Randy Pierce, gun-owner and resident of Sandy, Oregon, is similarly unimpressed. We meet at Northwest Armory, one of the biggest gun stores in the Portland area. “His [Obama’s] solutions aren’t solutions. Crooks aren’t gonna call up and say ‘Is it legal for me to have a gun?’ before they go kill someone,” he says. Pierce owns more than 20 guns, and is there to buy a particular kind of ammunition, but Northwest Armory is out of stock.

“Everybody’s sold out of everything,” he says. “Nobody has ammo or guns. What Obama did was give the gun manufacturers a big boost in business.”

Inside the store, business is clearly booming. I’m assured that, despite the fact that I’m not a citizen, I can buy a gun with my green card, assuming my background check comes back clean. The background check usually takes about 10 minutes, although a staff member tells me that lately it’s been slower and can take up to two hours.

He also tells me that Northwest Armory is one of the few places that still has in stock the type of guns that would be banned by the proposed measures. With a sweeping gesture, he takes in an entire wall hung with AR-15s – magazine-fed assault rifles, the type of weapons used in Sandy Hook and in the shooting in a cinema in Colorado earlier last year that left 12 dead.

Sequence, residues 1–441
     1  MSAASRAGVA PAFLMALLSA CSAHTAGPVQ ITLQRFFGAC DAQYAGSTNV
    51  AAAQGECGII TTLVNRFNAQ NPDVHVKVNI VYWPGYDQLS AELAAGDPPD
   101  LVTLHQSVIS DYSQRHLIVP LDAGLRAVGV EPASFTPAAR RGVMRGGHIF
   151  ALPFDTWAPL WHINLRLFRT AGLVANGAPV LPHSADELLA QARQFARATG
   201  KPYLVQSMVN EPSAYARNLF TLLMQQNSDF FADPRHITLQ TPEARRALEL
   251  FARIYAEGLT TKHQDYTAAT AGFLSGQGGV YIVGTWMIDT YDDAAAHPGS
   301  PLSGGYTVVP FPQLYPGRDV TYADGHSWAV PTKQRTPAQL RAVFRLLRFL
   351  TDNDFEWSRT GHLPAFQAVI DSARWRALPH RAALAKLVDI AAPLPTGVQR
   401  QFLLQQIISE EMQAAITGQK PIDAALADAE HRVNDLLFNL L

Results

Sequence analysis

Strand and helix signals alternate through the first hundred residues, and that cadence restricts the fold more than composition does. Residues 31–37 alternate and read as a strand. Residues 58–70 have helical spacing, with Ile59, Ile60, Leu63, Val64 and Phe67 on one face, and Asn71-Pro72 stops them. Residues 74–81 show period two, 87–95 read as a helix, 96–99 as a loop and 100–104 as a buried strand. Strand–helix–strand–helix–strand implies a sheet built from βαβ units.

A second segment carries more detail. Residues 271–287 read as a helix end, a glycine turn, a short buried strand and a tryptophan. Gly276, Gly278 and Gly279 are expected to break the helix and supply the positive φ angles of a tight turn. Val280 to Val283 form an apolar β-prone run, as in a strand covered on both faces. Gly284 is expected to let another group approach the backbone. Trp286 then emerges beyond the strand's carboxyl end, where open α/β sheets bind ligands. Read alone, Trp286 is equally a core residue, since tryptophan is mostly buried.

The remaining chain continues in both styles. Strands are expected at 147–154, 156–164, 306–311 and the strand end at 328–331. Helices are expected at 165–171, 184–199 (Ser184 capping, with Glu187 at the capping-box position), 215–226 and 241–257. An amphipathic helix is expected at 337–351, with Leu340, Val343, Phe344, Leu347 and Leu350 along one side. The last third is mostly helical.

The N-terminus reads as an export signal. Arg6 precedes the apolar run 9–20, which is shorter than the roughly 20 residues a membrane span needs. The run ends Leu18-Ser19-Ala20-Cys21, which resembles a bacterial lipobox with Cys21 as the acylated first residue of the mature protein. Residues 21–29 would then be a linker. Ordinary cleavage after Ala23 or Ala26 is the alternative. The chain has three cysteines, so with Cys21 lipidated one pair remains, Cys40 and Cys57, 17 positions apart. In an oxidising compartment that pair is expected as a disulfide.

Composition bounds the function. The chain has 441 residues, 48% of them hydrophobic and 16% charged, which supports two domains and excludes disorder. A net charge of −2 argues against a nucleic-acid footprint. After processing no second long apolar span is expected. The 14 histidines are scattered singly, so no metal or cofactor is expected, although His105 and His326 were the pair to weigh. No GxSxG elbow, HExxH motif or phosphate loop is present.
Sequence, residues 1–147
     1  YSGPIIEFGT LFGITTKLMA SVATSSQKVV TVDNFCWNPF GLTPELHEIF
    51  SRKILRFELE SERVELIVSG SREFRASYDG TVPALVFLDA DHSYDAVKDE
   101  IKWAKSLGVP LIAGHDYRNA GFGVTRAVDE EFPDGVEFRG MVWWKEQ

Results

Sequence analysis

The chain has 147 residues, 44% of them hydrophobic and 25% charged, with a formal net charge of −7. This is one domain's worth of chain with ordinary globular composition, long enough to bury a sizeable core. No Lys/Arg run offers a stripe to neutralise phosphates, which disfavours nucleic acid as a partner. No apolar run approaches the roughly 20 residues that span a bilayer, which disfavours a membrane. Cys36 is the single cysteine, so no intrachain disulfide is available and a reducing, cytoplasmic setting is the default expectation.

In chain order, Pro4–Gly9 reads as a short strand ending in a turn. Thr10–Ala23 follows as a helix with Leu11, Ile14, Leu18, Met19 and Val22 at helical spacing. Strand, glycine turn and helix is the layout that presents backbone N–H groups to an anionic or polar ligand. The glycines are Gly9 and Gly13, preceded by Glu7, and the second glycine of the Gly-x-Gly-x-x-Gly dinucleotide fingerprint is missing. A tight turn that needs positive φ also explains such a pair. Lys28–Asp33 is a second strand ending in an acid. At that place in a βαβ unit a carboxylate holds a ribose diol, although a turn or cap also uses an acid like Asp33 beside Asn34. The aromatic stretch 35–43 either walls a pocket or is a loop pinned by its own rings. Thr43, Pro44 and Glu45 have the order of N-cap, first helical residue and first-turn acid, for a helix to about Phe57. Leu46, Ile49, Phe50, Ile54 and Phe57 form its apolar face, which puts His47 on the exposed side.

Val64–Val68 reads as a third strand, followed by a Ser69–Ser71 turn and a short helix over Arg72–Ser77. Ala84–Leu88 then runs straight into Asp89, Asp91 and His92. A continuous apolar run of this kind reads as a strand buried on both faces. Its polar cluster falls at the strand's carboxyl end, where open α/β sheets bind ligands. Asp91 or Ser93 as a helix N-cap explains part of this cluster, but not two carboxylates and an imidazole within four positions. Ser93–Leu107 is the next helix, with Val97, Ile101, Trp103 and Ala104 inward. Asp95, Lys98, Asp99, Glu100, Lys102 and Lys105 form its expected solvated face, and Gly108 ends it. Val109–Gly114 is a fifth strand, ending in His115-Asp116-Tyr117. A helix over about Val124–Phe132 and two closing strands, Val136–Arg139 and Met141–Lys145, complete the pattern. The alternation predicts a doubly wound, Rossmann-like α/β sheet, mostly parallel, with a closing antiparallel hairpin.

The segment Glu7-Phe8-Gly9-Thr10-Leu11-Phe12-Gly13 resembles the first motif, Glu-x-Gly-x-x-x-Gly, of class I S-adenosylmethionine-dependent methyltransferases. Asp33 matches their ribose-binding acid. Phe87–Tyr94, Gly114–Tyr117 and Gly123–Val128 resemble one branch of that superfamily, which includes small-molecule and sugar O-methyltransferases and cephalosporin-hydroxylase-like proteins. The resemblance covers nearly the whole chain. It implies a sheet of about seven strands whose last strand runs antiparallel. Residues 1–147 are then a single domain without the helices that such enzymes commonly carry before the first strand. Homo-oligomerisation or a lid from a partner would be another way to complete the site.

Apparently, the store is “waiting on inventory” that’s been ordered to satisfy the high demand. If the ban comes into force, it will not have any effect on the assault rifles sold today.

If I buy one now, I get to keep it.

I don’t buy an assault rifle. I don’t buy a Sig Sauer P220. But I do learn something from the experience of shooting a gun. As I stand in that chilly shooting range and take my first few shots, I am terrified.

I am keenly aware that I have in my hands an implement with which I could end a life – my own, Fergus’s, the 19-year-old in the lane beside me. But after 20 shots, I stop shaking. After 40 shots – the minimum bullet purchase for the gun I rent is 100 – I am strangely at ease and mainly concerned with hitting the target, as if I am just playing darts in a pub.

There is a shift in Fergus, too. He is also shaking when we begin to shoot. But after it’s over, he turns to me: “This is a good gun,” he says. “I think I’ll keep it.”